In other tablet weaving updates, I ordered Kris Leet's tablet weaving theory video, "It's Not Magic, It's Mechanics" from Taproot Video.  It comes with online streaming for 30 days (until the DVD arrives, I assume).  I'm already learning a lot from this!  I saw that she also has an Introduction to Tablet Weaving video as well.  Even though I think I may finally be inching my way beyond the raw beginner phase, I may need to get that one as well.  There's always something new to learn!

Speaking of something new to learn, I signed up for two tablet weaving classes with John Mullarkey (of Malarky Crafts!) at Stitches United!  These will take place Thursday and Friday, March 22 & 23, in Hartford, CT.  I even get to stay overnight, two nights!  I am so excited.  We rarely go on vacation (last one was Colonial Williamsburg, 7 or 8 years ago now).  I got to go to Rhinebeck Sheep & Wool 2 years ago, and last year I went to Pennsylvania to go to the IOLI Convention - another unprecedented move, although I didn't get to take any classes.  I am grateful that we can afford the time and money so that I can attend these classes.


The first class is Thursday - Tablet Weaving: Ram's Horn and its Relatives.  I was just obsessing over a particular Ram's Horn pattern the other day!  


And this is the pattern I came across, and wanted to find a draft/instructions for.  Maybe after this class I'll be able to figure this one out.  


I took a screenshot of this band from this YouTube video.  


And the second class, on Friday, is Tablet Weaving: Two-sided Delights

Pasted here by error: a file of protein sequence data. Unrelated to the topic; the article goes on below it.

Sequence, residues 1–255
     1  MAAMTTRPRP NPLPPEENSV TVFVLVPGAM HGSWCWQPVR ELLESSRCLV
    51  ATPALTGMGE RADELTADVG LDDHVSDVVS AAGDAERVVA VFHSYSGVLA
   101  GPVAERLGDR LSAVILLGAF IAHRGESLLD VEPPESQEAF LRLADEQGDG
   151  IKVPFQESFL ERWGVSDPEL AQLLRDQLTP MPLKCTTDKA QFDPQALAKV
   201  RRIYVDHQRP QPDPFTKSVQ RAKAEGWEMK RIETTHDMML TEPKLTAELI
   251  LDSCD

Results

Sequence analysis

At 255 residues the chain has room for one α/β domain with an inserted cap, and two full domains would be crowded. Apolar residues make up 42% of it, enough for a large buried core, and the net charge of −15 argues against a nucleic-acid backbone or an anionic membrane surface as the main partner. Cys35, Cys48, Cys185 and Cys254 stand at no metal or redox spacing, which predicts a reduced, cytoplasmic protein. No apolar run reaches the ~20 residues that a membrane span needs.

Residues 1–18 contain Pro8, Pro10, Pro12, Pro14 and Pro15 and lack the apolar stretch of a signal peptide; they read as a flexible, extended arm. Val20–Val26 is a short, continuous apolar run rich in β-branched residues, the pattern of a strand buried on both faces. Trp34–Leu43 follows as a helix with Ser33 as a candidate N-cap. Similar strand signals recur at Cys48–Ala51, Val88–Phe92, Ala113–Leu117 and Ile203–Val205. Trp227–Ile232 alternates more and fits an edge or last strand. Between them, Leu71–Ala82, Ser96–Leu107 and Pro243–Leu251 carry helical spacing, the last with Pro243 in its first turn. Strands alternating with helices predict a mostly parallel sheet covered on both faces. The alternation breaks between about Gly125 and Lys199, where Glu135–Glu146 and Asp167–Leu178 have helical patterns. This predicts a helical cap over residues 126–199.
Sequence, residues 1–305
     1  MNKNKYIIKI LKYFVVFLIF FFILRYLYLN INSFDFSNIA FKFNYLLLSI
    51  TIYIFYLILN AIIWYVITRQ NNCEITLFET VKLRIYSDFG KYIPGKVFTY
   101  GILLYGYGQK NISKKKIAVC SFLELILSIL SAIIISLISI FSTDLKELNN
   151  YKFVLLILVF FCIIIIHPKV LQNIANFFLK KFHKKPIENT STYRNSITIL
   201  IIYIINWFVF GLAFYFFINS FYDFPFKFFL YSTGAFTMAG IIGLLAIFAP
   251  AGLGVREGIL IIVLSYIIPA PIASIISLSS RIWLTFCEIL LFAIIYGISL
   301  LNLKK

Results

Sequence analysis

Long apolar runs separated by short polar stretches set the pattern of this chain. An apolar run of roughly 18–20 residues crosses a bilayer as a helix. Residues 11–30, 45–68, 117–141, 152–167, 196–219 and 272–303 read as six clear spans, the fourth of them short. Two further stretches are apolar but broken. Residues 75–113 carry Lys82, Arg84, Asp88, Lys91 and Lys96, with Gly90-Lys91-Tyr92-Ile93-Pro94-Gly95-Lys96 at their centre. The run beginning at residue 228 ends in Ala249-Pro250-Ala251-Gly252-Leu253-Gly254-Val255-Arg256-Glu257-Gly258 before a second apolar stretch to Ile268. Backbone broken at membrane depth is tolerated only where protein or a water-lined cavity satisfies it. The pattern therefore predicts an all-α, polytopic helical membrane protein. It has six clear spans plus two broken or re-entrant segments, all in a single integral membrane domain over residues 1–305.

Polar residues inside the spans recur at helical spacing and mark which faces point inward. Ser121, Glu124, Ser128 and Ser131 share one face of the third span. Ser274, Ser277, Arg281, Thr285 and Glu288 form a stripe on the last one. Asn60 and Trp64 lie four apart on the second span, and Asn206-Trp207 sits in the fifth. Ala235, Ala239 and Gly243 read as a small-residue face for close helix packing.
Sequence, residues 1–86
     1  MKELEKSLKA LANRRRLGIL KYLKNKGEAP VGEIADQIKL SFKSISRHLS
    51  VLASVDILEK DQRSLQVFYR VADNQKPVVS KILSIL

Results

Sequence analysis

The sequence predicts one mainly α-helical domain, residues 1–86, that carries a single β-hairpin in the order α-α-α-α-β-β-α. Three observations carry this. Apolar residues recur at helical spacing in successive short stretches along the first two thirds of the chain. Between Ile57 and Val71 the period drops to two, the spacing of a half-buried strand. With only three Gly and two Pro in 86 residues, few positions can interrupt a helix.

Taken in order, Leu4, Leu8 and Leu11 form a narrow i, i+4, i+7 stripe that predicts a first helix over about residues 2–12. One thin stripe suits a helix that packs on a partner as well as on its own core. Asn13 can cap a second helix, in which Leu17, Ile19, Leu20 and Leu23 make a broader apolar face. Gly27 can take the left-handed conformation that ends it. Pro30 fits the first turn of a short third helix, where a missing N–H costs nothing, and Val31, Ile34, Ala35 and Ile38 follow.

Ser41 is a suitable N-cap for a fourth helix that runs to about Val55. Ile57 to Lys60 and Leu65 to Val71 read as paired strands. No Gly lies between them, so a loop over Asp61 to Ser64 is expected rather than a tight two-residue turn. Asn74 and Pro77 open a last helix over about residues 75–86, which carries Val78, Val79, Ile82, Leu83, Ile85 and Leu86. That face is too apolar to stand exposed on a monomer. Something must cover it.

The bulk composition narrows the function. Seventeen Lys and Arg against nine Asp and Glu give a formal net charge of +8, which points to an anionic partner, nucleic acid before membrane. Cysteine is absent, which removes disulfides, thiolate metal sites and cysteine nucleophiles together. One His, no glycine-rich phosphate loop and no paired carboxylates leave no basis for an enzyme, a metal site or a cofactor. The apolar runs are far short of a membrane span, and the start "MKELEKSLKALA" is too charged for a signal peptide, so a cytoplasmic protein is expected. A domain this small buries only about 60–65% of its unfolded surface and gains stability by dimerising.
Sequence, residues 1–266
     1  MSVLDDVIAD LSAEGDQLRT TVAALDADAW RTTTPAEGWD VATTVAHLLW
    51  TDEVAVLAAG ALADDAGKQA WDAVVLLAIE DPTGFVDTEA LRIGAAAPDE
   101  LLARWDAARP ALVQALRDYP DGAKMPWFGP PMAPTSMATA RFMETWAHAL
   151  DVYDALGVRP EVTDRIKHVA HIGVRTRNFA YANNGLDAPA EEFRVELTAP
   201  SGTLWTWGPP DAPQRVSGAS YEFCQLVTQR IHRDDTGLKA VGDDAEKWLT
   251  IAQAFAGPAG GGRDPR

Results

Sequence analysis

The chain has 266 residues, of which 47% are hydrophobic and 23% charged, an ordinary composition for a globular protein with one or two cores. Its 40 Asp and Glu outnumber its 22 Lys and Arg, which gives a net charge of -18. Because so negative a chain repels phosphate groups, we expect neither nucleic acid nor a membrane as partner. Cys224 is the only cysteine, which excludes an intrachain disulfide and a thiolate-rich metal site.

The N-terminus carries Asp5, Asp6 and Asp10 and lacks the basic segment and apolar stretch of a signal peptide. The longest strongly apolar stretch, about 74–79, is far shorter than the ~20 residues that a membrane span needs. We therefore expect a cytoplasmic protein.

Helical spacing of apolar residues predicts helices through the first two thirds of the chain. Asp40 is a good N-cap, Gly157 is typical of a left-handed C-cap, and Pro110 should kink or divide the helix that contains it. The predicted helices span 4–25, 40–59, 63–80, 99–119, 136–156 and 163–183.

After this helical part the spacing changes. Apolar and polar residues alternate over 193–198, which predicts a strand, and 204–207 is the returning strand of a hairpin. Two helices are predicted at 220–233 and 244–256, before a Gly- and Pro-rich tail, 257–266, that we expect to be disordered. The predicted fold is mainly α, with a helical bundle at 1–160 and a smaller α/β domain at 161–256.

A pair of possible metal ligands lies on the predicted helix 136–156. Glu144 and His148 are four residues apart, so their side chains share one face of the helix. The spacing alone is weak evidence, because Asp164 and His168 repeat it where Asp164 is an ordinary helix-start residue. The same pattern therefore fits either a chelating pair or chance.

I also signed up for Franklin Habit's lecture Thursday evening!  

I am so looking forward to this!  

Tuesday, January 16, 2018

Progress

Yesterday I received three new reeds for my Structo loom, from Gowdey Reed Co.  I am delighted with the quality of these reeds, and the service received from the owner, Jim Wilson!


Here is a photo of one of the reeds, in the spare beater for my Structo (the other beater is currently in use on one of my current weaving projects).  It fits perfectly!


They arrived in perfect condition, despite UPS's attempts to do God-knows-what with the box.


I also received a new handle for my Structo last week, ordered from an Ebay seller.  I had one handle, and was using it on the back beam.  I came across this on Ebay, and am delighted.  It fits and works perfectly!


I have been making progress on both of my weaving projects.  On the Structo, my challenge has been using levers instead of treadles to operate the harnesses - a very slow process at first, but I'm getting a little faster.  I've also had to learn to be gentle with the warp.  I am learning to beat gently (or, as some say, to place the weft rather than beat the weft).  There is an obvious difference in the scarf fabric where I decided to try something new.


I've made significant progress since then.  I also had a problem with the cardboard I was using to leave space for fringes.  The cardboard collapsed unevenly around the narrow breast beam, resulting in uneven tension in the warp.  I unwound the cloth beam and rewound it without the cardboard, and I'm much happier with the tension and progress now.  I'll plan to make the first scarf (and possibly both scarves now, as there should be enough warp for two) without fringes.


On the Macomber, I have now finished the third Rosepath Plaid towel, and am working on towel #4.  I am not sure how many I will have, as I am making them shorter than the original draft intended.


No sign yet of my Baby Wolf loom.  It's not due until about Feb. 2, but I can hope it shows up early!